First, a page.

This year's Winter at Tantora festival, which runs until January 21, celebrates fine dining and unique culinary experiences atop mountains deep inside the lush oasis of the ancient open-air museum city of AlUla in Saudi Arabia.
The city's first food festival, called Flavours of AlUla, is running until January 14, giving visitors the opportunity to attend masterclasses with world-renowned chefs, indulge in international cuisine, participate in multisensory activities and try new food trucks and dishes, from bubble tea to sweet crepes and organic bowls.
Those participating at the festival include chef Karim Bourgi, an artisan pastry chef who works in Dubai and the founder of Kayu Bakehouse and Calla Cafe, Saudi self-taught chef Omar Alwatban and Saudi chef Samira Sadiq, among others.
Activities for all the family are also on offer, including a Black Box experience — a blindfold taste test and a tour of mystery boxes — as well as classes on sushi rolling, how to make edible pottery, fruit decoration, using food as art and the benefits of the superfood moringa.
Here are some of the restaurants visitors can experience during this year's Winter at Tantora festival.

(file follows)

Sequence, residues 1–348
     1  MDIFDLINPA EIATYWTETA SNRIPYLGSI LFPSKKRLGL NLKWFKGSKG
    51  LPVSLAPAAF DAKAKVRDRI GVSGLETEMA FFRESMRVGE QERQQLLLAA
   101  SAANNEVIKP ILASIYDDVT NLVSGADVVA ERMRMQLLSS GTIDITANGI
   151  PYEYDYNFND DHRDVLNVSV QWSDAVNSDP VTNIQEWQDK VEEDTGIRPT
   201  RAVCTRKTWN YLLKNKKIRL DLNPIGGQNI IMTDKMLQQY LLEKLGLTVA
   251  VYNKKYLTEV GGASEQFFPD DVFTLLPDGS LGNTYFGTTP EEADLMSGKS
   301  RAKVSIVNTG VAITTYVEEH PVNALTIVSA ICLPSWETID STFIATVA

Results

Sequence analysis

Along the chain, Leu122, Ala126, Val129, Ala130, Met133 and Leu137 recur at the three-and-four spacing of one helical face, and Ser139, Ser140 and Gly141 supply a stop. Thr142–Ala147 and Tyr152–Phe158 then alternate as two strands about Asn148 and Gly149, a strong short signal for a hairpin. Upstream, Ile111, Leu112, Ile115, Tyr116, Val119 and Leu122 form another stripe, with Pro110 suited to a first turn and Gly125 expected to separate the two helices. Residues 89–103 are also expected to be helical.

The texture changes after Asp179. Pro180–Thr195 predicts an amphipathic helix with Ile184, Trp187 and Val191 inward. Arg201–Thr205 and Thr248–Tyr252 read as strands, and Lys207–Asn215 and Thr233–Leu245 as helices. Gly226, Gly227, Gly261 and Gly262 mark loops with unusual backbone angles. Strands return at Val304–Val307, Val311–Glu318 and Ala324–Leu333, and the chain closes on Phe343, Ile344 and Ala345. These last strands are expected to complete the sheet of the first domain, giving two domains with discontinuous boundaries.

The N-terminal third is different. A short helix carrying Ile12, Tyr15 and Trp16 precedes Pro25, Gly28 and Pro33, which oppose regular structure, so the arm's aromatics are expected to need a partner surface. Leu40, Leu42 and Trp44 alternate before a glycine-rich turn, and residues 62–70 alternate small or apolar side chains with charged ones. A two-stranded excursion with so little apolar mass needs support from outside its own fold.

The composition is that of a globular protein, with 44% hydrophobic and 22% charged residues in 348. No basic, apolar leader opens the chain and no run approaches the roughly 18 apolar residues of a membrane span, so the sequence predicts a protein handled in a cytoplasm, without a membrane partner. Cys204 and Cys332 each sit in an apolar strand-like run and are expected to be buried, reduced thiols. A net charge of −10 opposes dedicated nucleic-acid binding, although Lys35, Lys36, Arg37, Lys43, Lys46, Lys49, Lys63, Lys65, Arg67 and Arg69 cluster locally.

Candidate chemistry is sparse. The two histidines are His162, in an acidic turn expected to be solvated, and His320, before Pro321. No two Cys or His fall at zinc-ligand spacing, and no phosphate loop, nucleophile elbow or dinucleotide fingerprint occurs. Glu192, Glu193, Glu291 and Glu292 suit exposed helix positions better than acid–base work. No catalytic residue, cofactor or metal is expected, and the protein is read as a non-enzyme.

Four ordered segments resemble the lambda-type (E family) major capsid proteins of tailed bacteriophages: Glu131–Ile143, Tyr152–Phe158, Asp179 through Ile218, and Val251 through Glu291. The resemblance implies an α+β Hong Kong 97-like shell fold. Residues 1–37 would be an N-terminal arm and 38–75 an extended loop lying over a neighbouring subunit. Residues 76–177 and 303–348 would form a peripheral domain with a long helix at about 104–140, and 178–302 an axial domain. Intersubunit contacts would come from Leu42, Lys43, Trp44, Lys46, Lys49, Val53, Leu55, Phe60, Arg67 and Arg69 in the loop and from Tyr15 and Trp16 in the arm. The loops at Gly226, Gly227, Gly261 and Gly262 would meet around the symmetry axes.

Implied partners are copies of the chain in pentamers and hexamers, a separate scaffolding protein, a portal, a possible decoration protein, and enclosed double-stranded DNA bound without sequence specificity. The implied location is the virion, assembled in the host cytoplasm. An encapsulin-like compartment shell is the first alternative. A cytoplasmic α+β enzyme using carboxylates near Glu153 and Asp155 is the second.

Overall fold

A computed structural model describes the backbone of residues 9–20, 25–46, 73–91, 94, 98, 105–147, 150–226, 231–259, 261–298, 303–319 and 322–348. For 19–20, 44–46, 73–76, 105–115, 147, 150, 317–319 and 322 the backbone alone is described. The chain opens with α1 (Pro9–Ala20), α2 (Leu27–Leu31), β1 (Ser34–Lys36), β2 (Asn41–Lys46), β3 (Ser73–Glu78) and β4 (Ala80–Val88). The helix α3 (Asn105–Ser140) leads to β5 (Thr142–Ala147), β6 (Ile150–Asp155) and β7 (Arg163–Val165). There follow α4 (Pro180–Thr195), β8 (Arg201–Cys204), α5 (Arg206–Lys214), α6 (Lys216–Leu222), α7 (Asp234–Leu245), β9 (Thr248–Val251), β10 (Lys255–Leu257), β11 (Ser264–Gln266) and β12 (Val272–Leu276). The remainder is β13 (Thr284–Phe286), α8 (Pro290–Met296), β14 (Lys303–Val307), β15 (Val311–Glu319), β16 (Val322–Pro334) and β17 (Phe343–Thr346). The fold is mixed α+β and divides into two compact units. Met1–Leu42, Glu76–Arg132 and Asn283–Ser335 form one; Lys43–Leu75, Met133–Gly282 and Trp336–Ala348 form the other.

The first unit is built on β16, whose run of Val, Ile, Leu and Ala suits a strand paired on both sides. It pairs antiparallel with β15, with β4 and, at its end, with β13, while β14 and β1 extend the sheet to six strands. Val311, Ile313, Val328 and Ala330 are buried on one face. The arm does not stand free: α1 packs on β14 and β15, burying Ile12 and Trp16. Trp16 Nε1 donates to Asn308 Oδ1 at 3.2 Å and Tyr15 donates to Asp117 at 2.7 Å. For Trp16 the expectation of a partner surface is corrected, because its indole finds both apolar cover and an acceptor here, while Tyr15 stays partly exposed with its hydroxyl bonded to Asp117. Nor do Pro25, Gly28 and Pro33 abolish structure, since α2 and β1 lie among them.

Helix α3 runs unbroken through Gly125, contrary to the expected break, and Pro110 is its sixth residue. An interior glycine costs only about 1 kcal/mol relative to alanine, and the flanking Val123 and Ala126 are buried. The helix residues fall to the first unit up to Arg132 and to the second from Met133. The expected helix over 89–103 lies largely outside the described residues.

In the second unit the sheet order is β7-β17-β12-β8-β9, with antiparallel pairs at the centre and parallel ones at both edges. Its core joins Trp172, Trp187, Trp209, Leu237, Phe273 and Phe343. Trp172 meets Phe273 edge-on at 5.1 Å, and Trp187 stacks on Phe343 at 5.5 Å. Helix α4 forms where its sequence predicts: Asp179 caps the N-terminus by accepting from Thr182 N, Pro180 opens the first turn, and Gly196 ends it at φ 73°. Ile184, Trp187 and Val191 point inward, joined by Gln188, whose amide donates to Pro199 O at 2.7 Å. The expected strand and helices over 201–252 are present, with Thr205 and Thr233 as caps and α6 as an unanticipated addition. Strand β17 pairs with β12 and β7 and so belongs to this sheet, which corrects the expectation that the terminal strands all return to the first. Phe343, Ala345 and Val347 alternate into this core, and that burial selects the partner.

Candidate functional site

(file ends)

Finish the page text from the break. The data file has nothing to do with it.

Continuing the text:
Overlooking the vast valleys of Harrat Uwayrid from a mountain, Okto has some of the most beautiful views of the city.
The Greek restaurant offers a range of authentic flavours from the islands. Thinly sliced aubergine crisps are served with salty feta cheese, gyros and fried calamari. Juicy lamb comes with a side of fresh Greek salad. Many people head to the restaurant to enjoy hot drinks at the lava-black bar and cosy seating area that doubles up as a stellar viewpoint of the valley.
Nestled in the oasis of AlUla’s AlJadida district, Somewhere offers a mix of international cuisine with a refreshing twist of Mediterranean flavours. On the menu are hummus, short rib kibbeh, fatteh, chicken shawarma bao and chicken musakhan rice. The karak-flavoured French toast is a particular highlight.
Making its way from Marbella, Mamzel is renowned for its live entertainment and performances, and it has descended on the ancient land of Nabataeans. Performers light up the stage with fireworks, dance routines and vocal performances for customers throughout the evening.
Mamzel has a set menu priced at 600 Saudi riyals ($160) per person on weekends, which includes zaatar hummus for starters, seabass with subtle herbs and seasoning, homemade linguini with black truffle and cream sauce for mains, and ice cream with fresh fruits for desserts.
Entrecote Cafe de Paris
In the Old Town, Entrecote Cafe de Paris is a steak lovers' dream. Steak is served on sizzling hot platters infused with aromatic butter, with a "secret sauce" and a side of salad that's drenched in mayonnaise and comes with crispy fries. Tiramisu is popular for dessert.